Puerto Ricans Show Support At Calle Ocho Festival After Hurricane Maria

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Puerto Ricans continued to march and take pride in their country. Showing everyone although the devastation of Hurricane Maria was horrifying, their spirits are not broken at the Calle Ocho festival PaceDocs attended today.

The Calle Ocho festival is not only Miami’s biggest street festival, but also one of the largest Latino festivals in the world. It takes place in Little Havana where there is a large Cuban-American population and the festival spans 20 blocks.

The event is held by the Kiwanis Club of Little Havana, an organization of volunteers committed to serving the children in their community. The money that is raised from this event goes back to this cause.

The festival is filled with food from Cuba, Puerto Rico, Dominican Republic, and Colombia and it featured music from all Hispanic backgrounds.

For many Puerto Ricans, this festival was a chance to show their support for their friends and family who are still struggling on the island six months after Hurricane Maria. Calle Ocho was the first Hispanic event held after Hurricane Irma devastated Florida.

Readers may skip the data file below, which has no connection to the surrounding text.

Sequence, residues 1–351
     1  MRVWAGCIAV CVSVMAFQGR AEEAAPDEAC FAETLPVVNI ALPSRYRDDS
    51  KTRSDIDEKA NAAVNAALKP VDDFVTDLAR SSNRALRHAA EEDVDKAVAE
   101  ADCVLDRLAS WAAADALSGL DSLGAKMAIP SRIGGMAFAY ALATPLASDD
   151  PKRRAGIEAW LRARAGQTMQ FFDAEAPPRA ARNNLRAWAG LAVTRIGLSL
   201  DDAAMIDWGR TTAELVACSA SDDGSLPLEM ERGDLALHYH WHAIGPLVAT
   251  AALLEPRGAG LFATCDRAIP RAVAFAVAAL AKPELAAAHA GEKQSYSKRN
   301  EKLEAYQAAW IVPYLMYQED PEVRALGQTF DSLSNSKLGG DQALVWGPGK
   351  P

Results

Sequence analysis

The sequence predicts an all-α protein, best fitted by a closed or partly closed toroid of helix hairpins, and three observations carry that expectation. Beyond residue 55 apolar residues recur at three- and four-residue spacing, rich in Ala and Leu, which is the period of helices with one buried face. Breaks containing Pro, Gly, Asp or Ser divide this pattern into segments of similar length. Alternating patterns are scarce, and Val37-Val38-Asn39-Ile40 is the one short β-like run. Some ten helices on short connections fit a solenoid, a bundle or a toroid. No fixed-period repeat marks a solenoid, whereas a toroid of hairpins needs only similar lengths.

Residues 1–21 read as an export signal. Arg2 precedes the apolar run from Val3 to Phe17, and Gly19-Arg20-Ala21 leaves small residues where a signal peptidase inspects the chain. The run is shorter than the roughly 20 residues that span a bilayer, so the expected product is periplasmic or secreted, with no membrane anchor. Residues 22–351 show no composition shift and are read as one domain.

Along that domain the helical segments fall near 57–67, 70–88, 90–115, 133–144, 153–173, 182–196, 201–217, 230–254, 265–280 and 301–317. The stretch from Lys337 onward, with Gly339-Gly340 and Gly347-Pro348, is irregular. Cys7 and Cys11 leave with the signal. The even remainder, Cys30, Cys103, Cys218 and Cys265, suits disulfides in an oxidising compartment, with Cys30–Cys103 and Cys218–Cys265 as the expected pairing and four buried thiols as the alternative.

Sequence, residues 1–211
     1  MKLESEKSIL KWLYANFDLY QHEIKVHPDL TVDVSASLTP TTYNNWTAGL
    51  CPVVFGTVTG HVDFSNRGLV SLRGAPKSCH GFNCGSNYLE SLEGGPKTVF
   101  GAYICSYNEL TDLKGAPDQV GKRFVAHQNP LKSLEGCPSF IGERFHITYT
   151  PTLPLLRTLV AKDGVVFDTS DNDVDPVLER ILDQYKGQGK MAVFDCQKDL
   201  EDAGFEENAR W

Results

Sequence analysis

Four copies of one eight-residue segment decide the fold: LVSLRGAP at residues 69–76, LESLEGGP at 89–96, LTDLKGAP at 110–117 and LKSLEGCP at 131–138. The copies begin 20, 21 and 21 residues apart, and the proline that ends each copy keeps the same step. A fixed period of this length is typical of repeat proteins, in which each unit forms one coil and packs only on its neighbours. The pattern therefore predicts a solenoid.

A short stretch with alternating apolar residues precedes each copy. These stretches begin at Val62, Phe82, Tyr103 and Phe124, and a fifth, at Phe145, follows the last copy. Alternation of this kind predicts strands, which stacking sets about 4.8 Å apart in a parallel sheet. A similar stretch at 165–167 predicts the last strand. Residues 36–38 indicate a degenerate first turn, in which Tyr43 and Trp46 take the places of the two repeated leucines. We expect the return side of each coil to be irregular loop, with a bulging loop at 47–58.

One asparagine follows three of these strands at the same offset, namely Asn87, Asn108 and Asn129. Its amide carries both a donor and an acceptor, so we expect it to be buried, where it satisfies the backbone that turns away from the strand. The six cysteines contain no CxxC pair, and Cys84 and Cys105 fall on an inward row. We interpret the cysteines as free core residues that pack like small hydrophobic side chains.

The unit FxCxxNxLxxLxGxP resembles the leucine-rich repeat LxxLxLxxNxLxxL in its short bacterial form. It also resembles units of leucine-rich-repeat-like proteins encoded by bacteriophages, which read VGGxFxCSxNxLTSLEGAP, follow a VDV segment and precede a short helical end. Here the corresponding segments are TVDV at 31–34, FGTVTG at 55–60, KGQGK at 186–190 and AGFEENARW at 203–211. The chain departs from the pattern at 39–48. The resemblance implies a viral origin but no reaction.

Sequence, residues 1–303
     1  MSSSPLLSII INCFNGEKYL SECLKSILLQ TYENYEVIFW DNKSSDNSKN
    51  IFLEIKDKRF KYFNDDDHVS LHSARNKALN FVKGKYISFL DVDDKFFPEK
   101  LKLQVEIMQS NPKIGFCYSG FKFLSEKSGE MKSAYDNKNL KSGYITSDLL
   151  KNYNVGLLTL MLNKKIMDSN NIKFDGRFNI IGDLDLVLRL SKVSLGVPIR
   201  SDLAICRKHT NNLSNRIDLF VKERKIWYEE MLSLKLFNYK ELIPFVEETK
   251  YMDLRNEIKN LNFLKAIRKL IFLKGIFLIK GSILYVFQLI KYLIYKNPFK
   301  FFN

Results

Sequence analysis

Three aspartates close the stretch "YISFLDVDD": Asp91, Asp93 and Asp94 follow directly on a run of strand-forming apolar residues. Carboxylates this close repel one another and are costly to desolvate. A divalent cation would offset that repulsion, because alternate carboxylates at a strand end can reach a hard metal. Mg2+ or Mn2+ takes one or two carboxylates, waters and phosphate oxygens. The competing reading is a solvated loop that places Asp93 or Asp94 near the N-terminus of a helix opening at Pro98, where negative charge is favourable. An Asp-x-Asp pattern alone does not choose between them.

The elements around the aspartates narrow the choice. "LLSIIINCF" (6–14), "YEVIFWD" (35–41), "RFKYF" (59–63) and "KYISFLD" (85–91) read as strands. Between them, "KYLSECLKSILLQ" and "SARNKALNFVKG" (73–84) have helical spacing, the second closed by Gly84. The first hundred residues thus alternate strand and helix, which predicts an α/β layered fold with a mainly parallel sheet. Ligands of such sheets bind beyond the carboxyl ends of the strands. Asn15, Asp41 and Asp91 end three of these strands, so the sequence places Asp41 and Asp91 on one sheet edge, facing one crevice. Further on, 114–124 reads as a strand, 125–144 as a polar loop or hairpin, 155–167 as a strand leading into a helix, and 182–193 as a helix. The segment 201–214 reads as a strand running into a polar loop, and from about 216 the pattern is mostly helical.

The tremendous amount of Puerto Rican pride was shown in the variety of Puerto Rican food and high flying flags throughout the festival. Many Puerto Ricans were seen wearing clothing donning the Puerto Rican flag and other symbols representative of their culture.

The love and support that Puerto Ricans had for one another during the festival was not only a celebration but also inspiring, and reminds us, the PaceDocs team that this story is of extreme importance and that Puerto Rico is more than just a commonwealth.

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